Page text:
Write whether the square of any positive


Write whether the square of any positive integer can be of the form 3m + 2, where m is a natural number. Justify your answer.


No, by Euclid's lemma, $b=a q+r, 0 \leq r \leq a$ Here, $b$ is any positive integer, $a=3, b=3 q+r$ for $0 \leq r \leq 2$

So, any positive integer is of the form $3 k, 3 k+1$ or $3 k+2$.

$\begin{array}{lll}\text { Now, } & (3 k)^{2}=9 k^{2}=3 m & \text { [where, } m=3 k^{2} \text { ] }\end{array}$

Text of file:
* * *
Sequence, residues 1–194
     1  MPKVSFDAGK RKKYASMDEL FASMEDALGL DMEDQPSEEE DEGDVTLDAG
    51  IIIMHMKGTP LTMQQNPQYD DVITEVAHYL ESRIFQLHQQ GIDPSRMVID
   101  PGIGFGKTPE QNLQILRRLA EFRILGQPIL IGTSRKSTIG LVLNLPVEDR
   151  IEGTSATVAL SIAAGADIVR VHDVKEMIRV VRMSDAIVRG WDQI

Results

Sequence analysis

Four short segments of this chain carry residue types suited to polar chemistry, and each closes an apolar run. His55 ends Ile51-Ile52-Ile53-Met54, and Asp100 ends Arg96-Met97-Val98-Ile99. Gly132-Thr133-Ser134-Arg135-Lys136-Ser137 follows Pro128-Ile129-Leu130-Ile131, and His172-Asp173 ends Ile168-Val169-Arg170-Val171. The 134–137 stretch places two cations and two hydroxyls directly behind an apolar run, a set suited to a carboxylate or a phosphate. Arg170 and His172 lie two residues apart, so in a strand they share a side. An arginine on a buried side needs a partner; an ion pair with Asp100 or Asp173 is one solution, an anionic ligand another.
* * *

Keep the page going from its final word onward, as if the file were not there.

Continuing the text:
Now, $(3 k)^{2}=9 k^{2}=3 m$ [where, $m=3 k^{2}$ ]

and $\quad(3 k+1)^{2}=9 k^{2}+6 k+1$

$=3\left(3 k^{2}+2 k\right)+1=3 m+1 \quad\left[\right.$ where $\left.m=3 k^{2}+2 k\right]$

Also $\quad(3 k+2)^{2}=9 k^{2}+12 k+4\left[\because(a+b)^{2}=a^{2}+2 a b+b^{2}\right]$

$=9 k^{2}+12 k+3+1$

$=3\left(3 k^{2}+4 k+1\right)+1$

$=3 m+1 \quad$ [where, $m=3 k^{2}+4 k+1$ ]

which is in the form of $3 m$ and $3 m+1$. Hence, square of any positive number cannot be of the form $3 m+2$.


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